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Headlines for Friday:
|A||X||Type up book notes|
|A||X||Read lab notes : E-Mail from Peter Shepard (grad)|
|A||X||Do paperwork for reading course (iml)|
|A||X||Meet Peter Shepard regarding teaching assistantship|
|Title||Financial Freedom on $5 a Day|
I did find a nifty little tidbit, though: three different techniques for saving a chunk of your income so that you can invest it later on. On page 17, Chakrapani describes:
|Minus Ten||Automatically deduct 10% of your paycheck and put it into a savings account before you even see it. (Pretty standard advice.)|
|Plus Ten||Every time you spend, put aside an extra 10% for your savings. Think of it as extra tax.|
|Day's Due||Save every day. Minimum recommended: Annual income / 3500. (Was that gross or net?)|
The copy I read was so old that Amazon doesn't carry it any more, but Amazon lists the 7th edition for USD 2.50 (used). Not worth shipping, though. Read this one at your local library.
|Title||Rules for the Road|
Of particular interest to me was the short segment on managing a hands-off boss (hello, Mark! ;) ) on page 28. Luppert suggests finding other people who have done what I'm trying to do and asking them questions. Saving questions and ideas will help me make the most of rare moments of contact, and I should take care to update him with tidbits and stuff. Because he won't give me constant feedback, I'll need to give myself whatever encouragement I need. Hmm.
|Authors||A. Roger Merrill, Rebecca R. Merrill|
Let me give you an example of how deep and wonderful this book is. In the section on work, you won't find tips on how to cut corners on the job so that you can spend more time with your family. You won't find wheeling-and-dealing tips to help you get ahead. You will, however, find them not only quoting Kahlil Gibran's "Work is love made visible," but infusing every page with that creed. You'll hear about how involving your children in work can help give them an appreciation of the joy and dignity of work. You'll learn how to make the most of your time, and how to stay energized and loving after a long work day. This is Really Good Stuff.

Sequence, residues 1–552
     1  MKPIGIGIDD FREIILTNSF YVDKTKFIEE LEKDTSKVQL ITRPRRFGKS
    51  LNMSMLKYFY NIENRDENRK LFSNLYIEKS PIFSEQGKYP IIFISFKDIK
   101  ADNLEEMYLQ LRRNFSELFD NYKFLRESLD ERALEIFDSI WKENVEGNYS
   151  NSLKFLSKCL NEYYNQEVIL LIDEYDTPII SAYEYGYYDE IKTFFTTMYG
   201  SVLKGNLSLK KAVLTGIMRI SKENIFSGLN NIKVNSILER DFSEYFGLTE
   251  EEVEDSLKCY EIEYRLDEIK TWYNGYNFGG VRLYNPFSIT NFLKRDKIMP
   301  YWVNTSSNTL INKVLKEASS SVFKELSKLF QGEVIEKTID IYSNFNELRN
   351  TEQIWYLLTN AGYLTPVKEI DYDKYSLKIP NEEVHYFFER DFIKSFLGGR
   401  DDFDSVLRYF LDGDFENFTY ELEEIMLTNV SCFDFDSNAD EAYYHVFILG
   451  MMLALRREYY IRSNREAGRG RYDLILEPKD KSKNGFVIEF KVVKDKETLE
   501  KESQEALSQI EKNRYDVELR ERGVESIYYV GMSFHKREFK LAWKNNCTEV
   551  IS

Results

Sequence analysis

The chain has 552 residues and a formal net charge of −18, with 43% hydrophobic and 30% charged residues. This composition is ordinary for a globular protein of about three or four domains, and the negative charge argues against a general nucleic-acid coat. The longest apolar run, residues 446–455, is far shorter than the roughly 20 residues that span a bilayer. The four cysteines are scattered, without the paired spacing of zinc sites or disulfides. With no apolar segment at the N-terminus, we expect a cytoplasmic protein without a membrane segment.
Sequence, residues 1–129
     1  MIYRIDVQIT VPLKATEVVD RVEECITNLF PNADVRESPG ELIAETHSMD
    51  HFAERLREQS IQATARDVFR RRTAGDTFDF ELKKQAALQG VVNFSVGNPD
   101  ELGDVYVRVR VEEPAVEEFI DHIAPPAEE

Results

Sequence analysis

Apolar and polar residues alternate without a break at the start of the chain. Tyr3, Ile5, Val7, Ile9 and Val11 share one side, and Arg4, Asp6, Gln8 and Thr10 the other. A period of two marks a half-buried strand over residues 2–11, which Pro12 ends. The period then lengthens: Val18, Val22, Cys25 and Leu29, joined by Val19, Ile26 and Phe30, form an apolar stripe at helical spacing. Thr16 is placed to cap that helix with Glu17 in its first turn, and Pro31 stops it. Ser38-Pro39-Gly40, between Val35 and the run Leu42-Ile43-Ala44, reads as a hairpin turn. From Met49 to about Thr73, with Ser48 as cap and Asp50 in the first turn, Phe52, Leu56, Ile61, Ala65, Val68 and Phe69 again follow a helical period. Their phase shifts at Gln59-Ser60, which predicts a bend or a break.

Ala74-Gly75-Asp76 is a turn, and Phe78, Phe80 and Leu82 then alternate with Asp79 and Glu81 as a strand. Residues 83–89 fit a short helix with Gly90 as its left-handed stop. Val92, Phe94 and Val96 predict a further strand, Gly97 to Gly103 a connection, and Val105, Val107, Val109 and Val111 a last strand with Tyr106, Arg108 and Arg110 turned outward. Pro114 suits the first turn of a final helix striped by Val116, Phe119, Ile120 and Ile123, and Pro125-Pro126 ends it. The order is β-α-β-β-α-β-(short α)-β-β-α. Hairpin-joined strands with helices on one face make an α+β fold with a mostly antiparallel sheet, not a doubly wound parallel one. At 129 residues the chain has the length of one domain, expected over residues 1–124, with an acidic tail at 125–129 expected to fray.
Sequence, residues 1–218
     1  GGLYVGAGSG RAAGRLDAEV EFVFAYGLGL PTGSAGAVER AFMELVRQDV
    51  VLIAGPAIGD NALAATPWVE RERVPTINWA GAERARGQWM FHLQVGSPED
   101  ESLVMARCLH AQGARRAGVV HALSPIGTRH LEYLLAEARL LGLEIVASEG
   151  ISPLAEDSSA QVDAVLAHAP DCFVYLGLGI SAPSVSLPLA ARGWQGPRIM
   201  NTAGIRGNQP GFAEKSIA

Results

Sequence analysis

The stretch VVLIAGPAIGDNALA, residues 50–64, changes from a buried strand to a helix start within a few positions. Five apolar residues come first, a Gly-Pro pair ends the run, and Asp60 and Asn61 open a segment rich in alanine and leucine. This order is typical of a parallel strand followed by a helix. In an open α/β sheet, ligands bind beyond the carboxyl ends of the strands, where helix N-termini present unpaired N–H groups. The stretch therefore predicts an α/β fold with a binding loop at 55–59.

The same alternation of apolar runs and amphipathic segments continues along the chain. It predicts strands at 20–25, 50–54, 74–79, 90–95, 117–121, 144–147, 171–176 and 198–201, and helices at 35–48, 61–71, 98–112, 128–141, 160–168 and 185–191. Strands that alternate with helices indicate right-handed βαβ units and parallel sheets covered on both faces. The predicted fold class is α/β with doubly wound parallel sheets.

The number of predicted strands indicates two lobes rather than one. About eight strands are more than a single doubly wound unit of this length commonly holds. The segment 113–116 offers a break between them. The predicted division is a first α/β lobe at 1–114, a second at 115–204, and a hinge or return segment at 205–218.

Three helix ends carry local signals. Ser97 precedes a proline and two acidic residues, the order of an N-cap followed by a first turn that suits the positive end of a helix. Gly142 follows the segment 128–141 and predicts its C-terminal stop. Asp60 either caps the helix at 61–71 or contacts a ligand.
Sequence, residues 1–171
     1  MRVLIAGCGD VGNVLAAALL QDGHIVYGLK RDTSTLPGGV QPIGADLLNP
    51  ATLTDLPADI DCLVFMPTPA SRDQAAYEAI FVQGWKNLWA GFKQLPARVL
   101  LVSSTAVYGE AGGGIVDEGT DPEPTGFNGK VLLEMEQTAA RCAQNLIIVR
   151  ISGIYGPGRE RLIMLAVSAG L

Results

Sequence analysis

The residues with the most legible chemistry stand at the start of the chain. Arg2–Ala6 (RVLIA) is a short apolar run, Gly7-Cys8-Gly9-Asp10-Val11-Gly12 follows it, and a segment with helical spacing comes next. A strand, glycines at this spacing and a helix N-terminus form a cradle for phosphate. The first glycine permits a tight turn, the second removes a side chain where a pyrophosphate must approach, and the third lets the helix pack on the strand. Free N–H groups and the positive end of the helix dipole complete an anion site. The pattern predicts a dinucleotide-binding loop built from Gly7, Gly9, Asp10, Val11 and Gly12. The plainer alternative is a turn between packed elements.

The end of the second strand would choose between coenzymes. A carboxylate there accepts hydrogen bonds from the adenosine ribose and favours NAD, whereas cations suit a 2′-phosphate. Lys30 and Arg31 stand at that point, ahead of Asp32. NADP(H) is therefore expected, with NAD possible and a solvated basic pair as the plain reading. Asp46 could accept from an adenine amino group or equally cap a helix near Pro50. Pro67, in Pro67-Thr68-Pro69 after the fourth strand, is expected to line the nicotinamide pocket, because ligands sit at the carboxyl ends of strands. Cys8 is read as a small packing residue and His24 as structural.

What I really like about this book is that Rebecca's stories show the value of homemaking and how you can learn important lessons from that underappreciated kind of work. I rarely find women's insights in productivity books unless the books are oriented toward women. Rebecca's stories about her family and her society, her writing and her life were given just as much importance as Robert's stories about business.
There's even an audio CD version for all of you podcast- and CD-listening people out there. Get this book. It's good. In fact, I want to buy several copies of this to give to friends. It's _really_ good.<iframe src="http://rcm.amazon.com/e/cm?t=sacchuwik-20&o=1&p=8&l=as1&asins=0071422137&fc1=000000&=1&lc1=0000ff&bc1=000000<1=_blank&IS2=1&bg1=ffffff&f=ifr" style="width:120px;height:240px;" scrolling="no" marginwidth="0" marginheight="0" frameborder="0"></iframe>
Thanks in no small part to Travis Hartwell (who poked me into actually _doing_ something that had been on my TODO list for ages), Dominique Cimafranca (who helped me fix my absolutely horrible first draft), Jill Franklin and Don Marti of Linux Journal, and of course the absolutely wonderful Planner community...
Happy happy joy joy! Happy happy joy joy!
E-Mail from Bob Erb
Candle-penguin tried its best to stay serious, but the Sock-penguins and Purse-penguin just couldn't stop clowning around. As the Linux penguin, Tux felt slightly jealous because _it_ had started this entire penguin thing in the first place.
Anyway, we had a nice chat while Sacha went off to watch March of the Penguins. She came back and told us about the amazing stuff other penguins go through in the Antartic just to ensure the survival of our species.
If she doesn't find us tomorrow, you know where we'll be!
Picked up the link from Marcia Hansen's blog. Read her wonderful reflections on her first experiences as a teacher. Awwwwwwwwww!